Courtesy Pixabay

Within the span of a week, fashion designer Kate Spade and television host Anthony Bourdain both committed suicide, shocking millions of fans across the world. Hearing news of anyone dying by suicide after battling mental illness is tragic, but the deaths of Spade and Bourdain felt particularly disheartening. Each was a middle-aged adult with a young child. They had seemingly enviable lives — successful careers, financial prosperity and strong relationships with family and friends. Their deaths were sobering reminders that depression is a legitimate and serious illness that affects all kinds of people.

In response to the deaths of Spade and Bourdain, many social media users shared their own experiences. Some told deeply personal stories about their struggles with mental illness while offering messages of hope. Others offered heartfelt gratitude for friends who helped them through particularly difficult times. Many urged their friends to reach out and listen to loved ones and preached a greater need for kindness and compassion.

These messages were genuinely inspiring, and any plea for more love and decency in our increasingly chaotic world is always necessary. What these comments do not acknowledge, however, is that there are systemic problems that block vulnerable people from getting the mental health care they need.

Currently, mental health treatment is prohibitively expensive for poor Americans. According to Slate, “Forty percent of adults with severe mental illness did not receive any psychiatric care within a one-year period.” Recent cuts to Medicaid and constant attempts to undermine the Affordable Care Act will likely make this care even less accessible. President Trump’s budget proposal included spending cuts for the Substance Abuse and Mental Health Administration and the National Institute of Mental Health. Meanwhile, the United States is experiencing a shortage of inpatient psychiatric hospitals and medical specialists.

If we are to get serious about preventing suicide, we must ensure that quality mental health care is affordable and accessible to every American. GOP lawmakers use mental health issues as a convenient scapegoat for mass shootings, but when it comes to actually improving mental health care, these representatives are unable to offer viable answers. As a starting place, it is imperative to maintain funding for Medicaid and the Affordable Care Act. (Hopefully, these programs will lead to more comprehensive health care reform that makes all types of health care less expensive). Lawmakers should also seek more permanent solutions, including publicly funded research on mental health issues and an increase in inpatient facilities.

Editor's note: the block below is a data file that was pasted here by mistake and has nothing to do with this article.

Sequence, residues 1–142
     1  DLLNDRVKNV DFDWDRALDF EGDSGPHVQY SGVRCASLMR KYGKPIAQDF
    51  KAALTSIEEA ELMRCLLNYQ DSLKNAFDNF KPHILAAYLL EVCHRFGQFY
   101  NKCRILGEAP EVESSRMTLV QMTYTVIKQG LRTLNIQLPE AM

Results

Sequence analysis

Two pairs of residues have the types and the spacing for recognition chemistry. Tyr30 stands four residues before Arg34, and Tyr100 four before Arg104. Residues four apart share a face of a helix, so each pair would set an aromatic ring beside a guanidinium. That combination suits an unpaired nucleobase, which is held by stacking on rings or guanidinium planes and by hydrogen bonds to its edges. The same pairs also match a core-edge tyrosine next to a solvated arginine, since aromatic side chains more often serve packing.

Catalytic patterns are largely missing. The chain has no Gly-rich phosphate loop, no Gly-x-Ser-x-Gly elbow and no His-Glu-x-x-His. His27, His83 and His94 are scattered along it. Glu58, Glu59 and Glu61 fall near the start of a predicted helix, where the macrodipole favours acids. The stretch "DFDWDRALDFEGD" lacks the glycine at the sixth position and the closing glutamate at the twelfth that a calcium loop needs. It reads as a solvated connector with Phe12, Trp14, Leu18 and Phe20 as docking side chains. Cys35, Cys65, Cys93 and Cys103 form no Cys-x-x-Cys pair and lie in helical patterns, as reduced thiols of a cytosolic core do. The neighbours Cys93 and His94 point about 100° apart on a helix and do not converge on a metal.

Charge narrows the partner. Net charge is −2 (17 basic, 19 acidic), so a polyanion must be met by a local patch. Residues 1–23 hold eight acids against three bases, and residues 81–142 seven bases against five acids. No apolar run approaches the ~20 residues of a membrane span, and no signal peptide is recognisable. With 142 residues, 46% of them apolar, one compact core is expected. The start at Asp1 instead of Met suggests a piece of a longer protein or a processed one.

Unfortunately, making these changes will not be enough to help every person and prevent every suicide. Both Spade and Bourdain were wealthy, and they had access to resources that many Americans cannot afford. The millions of Americans suffering from mental illness face complex issues that require a multifaceted response. On an individual level, we have a responsibility to support friends and family members with mental illness. We must reach out to particularly vulnerable populations. For example, LGBT youth are at a much greater risk for suicide. We need to continue to fight stigmas surrounding mental health problems. Too many people still doubt that depression and anxiety are “real diseases,” and some mentally ill people suffer in silence because they feel ashamed. In a culture that too often values a facade of stoicism, it is essential to remember that real strength comes from accepting help and prioritizing your health.

These societal changes are necessary and long overdue. But we must also demand that our government addresses the suicide epidemic with actual policy change — and not just meaningless statements. Utah has the fifth highest suicide rate in the country. Too many Utahns have lost a loved one to mental illness. Even after the news cycle moves on from covering high profile suicides, the need for affordable mental health care will continue.

If you are considering suicide and need to talk to someone, call the National Suicide Prevention Lifeline at 1-800-273-8255.

letters@chronicle.utah.edu

@TheChrony

Josh Petersen is an Assistant Editor covering Arts and Entertainment and a regular contributor to the Opinion desk. He is a Junior studying English and Psychology.

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